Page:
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Abstract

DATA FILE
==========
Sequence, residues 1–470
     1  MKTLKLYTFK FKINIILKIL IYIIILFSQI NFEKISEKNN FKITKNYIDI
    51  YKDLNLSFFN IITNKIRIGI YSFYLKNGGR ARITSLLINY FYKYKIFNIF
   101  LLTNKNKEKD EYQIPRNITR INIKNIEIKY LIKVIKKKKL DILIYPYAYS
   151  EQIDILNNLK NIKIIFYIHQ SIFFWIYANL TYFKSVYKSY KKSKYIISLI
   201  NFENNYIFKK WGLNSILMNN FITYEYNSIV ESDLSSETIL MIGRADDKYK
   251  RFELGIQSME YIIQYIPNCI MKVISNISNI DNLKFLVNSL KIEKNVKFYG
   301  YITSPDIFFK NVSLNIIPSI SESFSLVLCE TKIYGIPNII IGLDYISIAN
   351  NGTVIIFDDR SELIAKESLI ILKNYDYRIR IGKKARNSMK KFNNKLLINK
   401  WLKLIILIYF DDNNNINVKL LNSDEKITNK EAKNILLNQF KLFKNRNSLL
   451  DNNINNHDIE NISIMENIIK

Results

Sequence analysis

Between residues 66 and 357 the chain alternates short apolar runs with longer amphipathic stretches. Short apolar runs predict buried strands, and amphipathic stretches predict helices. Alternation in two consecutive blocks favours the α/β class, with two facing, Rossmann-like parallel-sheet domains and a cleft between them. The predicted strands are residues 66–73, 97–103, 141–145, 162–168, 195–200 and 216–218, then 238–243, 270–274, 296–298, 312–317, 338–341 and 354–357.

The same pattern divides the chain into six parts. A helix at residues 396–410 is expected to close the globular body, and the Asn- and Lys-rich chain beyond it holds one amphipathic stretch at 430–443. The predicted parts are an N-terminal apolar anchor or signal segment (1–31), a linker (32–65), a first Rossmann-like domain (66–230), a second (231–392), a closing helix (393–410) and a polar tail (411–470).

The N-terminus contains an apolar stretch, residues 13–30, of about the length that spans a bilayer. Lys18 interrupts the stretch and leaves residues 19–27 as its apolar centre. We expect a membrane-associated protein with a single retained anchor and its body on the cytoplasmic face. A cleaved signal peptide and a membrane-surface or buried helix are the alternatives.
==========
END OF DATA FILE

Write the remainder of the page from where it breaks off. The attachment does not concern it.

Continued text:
On March 30, 1981, John W. Hinckley, Jr. attempted to assassinate Ronald Reagan, the thirty-ninth President of the United States. More than fifteen months after his arraignment Hinckley was found "not guilty by reason of insanity" to each of the thirteen counts with which he was charged. Hinckley's successful use of the insanity defense has rekindled a debate that has raged for centuries concerning the rationality and propriety of the insanity defense. The controversy stems not only from the fact that the insanity defense is seldom used except in grievous felonies, specifically homicide, or spectacular crimes such as Hinckley's, but also from the manner in which the defense assails society's notion of the individual's moral accountability for his actions. Indeed it was during a special session of the House of Lords following public outcry over the acquittal of Daniel M'Naghten in the murder of Edward Drummond, that the famous insanity test of M'Naghten's Case was articulated.

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